Mindfulness for beginners: how to get started.

There’s a lot of talk these days about mindfulness, but there isn’t always a whole lot of clarity about what exactly it means, or how someone who’s new to mindfulness can start to integrate it into their life.

Perhaps the first thing to say, mindfulness for beginners if you like,  is that  mindfulness is something that we can all already do- we just need to nourish that ability, and strengthen the ‘muscle’. Mindfulness is simply being fully aware of what we are doing or where we are, rather than being so caught up in thinking about the past and future, that we’re almost sleepwalking through our lives.

When we are mindful we are better able to deal with stress and pressure, or whatever happens to us during the day, without over-reacting or feeling overwhelmed.

We can encourage and develop this mindful awareness through some simple exercises. Here’s a few to start you off:

4-7-8 Breathing

We all breathe, obviously, but generally don’t take the time to actually notice our breath, or that we may be breathing quite shallowly, if we’re feeling anxious. This exercise requires you to be very conscious about your breath and is a good way of calming down.

Place the tip of your tongue against the roof of your mouth and keep it there throughout. Then start by exhaling completely through your mouth, making a whooshing sound. Close your mouth and breathe in through your nose while you count four. Hold your breath while you count seven. Then exhale completely through your mouth, making a whooshing sound again for a count of eight. It may take some practice to take a big enough breath!

Do this cycle four times, then let your breathing return to normal.

Body scan

Lying down works best, but you could also do this sitting in a chair. Close your eyes and take a few deep breaths to relax. Then breathe normally. Starting at your toes bring your attention to each part of your body in turn, spending a little while mentally in your feet, your calves, your thighs and so on. Become aware of any sensations. For example, tightness, pressure, tingling, a sensation of hot or cold. You don’t need to try and let go of any tension, just notice it. Often simply noticing any tension will help it release, but that isn’t the aim.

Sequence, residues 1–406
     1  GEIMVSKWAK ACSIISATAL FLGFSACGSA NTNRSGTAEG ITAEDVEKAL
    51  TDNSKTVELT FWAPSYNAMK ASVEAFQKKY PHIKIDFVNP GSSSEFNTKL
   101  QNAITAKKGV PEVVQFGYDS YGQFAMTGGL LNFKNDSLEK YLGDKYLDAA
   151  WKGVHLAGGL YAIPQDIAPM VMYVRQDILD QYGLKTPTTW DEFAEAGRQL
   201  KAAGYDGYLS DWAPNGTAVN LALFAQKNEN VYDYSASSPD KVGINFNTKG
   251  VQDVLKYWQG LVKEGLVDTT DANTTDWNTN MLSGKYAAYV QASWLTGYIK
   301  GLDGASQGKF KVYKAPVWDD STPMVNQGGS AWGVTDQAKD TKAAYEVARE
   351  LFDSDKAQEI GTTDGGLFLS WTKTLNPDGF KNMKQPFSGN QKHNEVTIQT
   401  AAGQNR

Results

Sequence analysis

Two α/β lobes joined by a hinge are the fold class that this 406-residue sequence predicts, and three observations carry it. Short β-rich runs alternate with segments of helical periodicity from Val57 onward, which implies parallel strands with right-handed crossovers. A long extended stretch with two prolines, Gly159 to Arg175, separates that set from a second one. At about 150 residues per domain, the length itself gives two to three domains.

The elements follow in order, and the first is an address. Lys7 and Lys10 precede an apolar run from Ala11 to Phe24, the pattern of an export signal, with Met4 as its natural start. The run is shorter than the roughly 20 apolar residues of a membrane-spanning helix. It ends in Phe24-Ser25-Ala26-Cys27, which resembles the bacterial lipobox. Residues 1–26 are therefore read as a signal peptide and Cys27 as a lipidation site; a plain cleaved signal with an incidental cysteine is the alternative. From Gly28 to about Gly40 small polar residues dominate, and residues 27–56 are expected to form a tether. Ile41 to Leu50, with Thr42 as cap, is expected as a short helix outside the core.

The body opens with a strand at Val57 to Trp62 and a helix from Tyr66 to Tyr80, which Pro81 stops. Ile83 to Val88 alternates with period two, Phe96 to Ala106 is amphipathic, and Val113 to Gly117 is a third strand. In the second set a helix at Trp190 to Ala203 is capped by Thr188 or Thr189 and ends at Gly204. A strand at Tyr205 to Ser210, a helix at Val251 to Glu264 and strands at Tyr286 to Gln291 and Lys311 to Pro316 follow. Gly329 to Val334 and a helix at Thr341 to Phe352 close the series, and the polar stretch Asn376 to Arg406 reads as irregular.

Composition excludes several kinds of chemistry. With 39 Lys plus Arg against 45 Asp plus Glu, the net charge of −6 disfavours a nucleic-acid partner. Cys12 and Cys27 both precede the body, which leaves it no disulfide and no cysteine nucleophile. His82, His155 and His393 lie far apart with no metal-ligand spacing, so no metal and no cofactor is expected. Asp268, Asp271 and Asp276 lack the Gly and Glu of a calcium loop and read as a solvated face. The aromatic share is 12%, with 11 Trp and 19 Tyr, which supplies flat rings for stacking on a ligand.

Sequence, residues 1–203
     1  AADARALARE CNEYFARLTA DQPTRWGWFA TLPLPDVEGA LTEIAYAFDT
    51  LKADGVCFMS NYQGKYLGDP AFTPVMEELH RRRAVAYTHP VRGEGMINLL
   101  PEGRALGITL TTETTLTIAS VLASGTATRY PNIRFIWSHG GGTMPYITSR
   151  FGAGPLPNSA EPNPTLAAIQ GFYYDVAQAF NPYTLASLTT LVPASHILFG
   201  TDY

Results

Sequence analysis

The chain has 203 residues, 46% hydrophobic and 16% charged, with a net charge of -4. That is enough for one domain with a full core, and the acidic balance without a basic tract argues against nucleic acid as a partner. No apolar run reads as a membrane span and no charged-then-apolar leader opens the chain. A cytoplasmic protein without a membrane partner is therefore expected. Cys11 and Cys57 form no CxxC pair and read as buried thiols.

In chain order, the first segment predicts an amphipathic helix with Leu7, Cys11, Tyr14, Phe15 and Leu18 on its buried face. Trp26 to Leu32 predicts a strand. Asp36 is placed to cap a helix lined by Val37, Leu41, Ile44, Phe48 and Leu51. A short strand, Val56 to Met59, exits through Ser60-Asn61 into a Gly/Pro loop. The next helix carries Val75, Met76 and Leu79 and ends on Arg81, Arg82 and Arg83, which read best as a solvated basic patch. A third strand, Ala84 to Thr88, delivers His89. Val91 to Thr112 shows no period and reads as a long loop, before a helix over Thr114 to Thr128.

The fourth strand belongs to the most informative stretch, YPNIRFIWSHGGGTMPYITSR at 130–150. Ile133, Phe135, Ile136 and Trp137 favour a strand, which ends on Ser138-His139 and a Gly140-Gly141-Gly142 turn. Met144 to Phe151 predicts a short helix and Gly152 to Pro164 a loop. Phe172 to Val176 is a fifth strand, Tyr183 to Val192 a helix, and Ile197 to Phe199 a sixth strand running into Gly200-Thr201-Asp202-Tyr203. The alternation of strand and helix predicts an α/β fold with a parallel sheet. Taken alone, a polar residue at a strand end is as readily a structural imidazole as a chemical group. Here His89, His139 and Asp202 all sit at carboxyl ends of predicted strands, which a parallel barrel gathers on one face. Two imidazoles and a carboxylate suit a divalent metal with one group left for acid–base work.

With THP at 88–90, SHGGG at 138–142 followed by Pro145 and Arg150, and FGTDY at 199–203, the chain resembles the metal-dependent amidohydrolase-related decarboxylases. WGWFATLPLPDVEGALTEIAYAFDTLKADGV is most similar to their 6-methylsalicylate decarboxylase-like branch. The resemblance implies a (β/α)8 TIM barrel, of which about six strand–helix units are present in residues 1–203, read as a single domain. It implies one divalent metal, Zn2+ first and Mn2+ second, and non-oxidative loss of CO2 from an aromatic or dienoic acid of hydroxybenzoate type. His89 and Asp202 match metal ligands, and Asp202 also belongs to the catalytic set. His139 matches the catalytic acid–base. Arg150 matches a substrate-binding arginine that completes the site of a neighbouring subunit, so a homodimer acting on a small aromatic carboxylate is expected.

When your mind drifts off (it will) that’s fine, just come back to awareness and carry on. If you do this regularly you will become more connected with your physical self, and more mindful in general.

Observing the monkey mind

Mindfulness is not about emptying your mind (good luck with that!), but about observing your thoughts and coming to see that we have a deeper, calmer consciousness, which is separate from these thoughts. Take a few minutes to just sit and notice the chatter in your mind. This chatter is sometimes known as ‘the monkey mind’. Don’t engage with the thoughts, or try to banish them, just notice them, and let them pass through. Some people find it helps to say ‘monkey monkey’ as soon as you notice the thoughts. If you find yourself judging the thoughts or yourself for having them, just smile and let that thought pass through too.

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